The numbers don’t lie. They tell us that one in five Americans will develop skin cancer in his or her lifetime.
Why, then, do so few people get an annual skin cancer screening? Many see no reason to worry about it and often don’t until it’s too late. Men tend to think it’s more a woman’s worry. And younger people mistakenly think skin cancer only happens to older people.
The facts about skin cancer reveal a different story. Invasive melanoma is estimated to be the fifth most common cancer for men and the seventh most common cancer for women.
Melanoma is the most common form of cancer for young adults 25 to 29 years old. It is the second most common form for adolescents and young adults 15 to 29 years old. And, in some cases, a family history of skin cancer is the culprit.
Tanning beds have become a public issue in the last few years because of the proven ill effects they cause. Because sun (and UV) exposure in childhood and the teenage years can be so damaging, policymakers in many states and territories are regulating minors’ use of tanning beds. At least 42 states regulate the use of tanning facilities by minors.
The World Health Organization estimates a 75% lifetime risk of melanoma in people who use tanning beds before age 30. The U.S. Surgeon General reports that more than 400,000 cases of skin cancer, about 6,000 of which are melanomas, are related to indoor tanning beds.
Prevention is the key, and this can only be accomplished through vigilant skin cancer screening and skin cancer awareness. Not only does this increase the possibility for treatment and cures, it educates people to the symptoms and risks of the disease. Knowing how to recognize suspicious moles and other skin anomalies is vital to skin cancer education and prevention.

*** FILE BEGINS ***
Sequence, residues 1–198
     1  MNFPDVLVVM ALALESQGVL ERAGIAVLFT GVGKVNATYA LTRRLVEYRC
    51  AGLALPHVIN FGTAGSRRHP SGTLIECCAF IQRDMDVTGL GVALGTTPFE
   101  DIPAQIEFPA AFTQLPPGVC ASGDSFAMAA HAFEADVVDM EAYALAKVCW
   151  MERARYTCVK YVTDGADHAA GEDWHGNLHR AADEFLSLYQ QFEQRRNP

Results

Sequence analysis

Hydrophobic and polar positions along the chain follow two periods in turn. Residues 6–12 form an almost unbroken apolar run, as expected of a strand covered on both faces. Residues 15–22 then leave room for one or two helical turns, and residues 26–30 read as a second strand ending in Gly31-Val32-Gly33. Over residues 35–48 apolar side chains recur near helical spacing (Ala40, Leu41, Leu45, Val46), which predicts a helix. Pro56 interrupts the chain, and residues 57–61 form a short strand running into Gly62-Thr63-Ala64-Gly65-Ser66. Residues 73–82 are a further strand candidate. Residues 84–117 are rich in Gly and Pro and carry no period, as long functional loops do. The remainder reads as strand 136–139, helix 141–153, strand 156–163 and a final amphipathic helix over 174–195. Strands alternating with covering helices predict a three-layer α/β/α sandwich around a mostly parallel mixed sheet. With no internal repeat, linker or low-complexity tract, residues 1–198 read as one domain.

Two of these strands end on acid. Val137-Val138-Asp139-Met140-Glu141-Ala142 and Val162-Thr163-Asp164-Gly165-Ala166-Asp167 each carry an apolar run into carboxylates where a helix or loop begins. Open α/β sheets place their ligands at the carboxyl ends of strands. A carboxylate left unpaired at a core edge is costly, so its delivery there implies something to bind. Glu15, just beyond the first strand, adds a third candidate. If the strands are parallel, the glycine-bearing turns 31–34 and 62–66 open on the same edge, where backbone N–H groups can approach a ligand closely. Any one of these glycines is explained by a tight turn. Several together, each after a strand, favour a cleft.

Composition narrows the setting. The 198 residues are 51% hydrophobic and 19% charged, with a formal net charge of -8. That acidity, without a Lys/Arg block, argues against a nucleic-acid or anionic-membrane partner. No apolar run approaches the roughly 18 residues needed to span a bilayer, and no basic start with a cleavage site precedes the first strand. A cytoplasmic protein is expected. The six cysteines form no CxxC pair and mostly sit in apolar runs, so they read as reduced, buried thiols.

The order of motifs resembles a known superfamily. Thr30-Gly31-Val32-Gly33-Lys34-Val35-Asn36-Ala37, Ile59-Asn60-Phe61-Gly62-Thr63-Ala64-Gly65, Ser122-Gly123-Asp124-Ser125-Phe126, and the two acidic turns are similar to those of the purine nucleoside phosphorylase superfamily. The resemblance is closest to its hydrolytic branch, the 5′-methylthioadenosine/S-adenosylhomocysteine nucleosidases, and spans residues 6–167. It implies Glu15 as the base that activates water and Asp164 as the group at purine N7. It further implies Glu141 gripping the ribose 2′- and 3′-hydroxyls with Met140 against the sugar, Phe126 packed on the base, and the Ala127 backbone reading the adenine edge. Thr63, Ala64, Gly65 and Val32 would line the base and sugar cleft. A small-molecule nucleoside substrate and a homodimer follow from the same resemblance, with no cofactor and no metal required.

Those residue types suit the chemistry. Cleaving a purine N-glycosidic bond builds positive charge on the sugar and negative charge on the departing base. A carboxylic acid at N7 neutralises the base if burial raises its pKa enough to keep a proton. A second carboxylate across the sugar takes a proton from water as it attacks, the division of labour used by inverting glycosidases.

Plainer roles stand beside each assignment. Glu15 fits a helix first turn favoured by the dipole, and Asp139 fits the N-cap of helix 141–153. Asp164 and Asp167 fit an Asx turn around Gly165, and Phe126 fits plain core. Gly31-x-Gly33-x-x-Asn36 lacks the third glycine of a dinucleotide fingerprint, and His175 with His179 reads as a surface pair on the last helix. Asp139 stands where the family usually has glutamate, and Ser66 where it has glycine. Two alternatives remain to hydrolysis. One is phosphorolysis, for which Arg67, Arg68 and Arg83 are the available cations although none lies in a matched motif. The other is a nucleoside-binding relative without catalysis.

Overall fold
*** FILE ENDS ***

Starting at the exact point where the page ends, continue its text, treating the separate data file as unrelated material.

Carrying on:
“If a mole or other skin lesion changes in size, border, shape or color, there is a reason for concern,” says Dr. Nancy Marchell, a board-certified dermatologist and Mohs surgeon at U.S. Dermatology Partners College Station in College Station, Texas. “Other indicators can be new growth on the skin, a sore that doesn’t heal or spots that are different, changing, itching or bleeding. This is definitely the time to see your board-certified dermatologist.”
Early detection saves lives. Don’t wait and hope it will go away or get better. That’s not the case with skin cancer. Every year more than 63,000 new cases of melanoma are diagnosed, resulting in nearly 9,000 deaths. Make the decision not to be one of them.
The numbers don’t lie. Decide now to make annual skin cancer screening an integral part of your health care routine.
Looking to get a Skin Cancer Screening?
If you have other dermatological conditions ask your board-certified dermatologist for an examination of any of them. We have multiple locations throughout the country, so fill out our simple online form to get in touch with us. One of our local team members will reach out to you shortly to answer your questions or schedule an appointment for you to visit us soon.
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